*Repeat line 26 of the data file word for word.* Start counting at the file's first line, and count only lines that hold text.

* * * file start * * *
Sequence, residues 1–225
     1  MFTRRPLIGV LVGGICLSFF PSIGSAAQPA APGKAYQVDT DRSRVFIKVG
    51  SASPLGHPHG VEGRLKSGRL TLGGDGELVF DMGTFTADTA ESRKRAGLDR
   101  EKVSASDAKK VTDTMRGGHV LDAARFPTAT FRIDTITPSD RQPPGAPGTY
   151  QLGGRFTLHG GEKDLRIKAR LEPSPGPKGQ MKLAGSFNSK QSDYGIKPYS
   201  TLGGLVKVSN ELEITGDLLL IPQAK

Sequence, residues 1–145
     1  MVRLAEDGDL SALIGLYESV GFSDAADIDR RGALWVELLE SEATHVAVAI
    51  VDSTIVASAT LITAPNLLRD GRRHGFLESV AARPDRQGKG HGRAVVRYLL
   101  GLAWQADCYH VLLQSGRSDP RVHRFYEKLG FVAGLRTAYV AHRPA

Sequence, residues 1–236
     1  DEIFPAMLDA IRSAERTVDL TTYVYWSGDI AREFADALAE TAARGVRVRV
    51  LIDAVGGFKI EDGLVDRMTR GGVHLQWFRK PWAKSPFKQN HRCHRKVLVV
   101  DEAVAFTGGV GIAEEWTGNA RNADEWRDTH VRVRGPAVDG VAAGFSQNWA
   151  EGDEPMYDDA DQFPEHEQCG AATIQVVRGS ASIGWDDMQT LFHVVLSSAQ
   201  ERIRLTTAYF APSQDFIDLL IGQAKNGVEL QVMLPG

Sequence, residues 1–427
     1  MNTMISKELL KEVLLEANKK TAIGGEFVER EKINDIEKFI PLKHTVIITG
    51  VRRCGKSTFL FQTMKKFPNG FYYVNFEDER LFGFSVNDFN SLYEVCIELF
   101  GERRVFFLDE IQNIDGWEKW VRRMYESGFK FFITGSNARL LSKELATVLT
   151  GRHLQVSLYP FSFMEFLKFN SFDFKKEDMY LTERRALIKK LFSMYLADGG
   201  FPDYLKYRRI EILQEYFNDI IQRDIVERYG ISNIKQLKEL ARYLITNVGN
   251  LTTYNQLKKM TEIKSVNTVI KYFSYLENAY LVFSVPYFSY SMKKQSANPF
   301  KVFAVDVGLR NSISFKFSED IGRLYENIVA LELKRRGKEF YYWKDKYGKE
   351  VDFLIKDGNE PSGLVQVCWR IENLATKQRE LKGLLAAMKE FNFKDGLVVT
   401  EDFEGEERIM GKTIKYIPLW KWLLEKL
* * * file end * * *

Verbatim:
   401  EDFEGEERIM GKTIKYIPLW KWLLEKL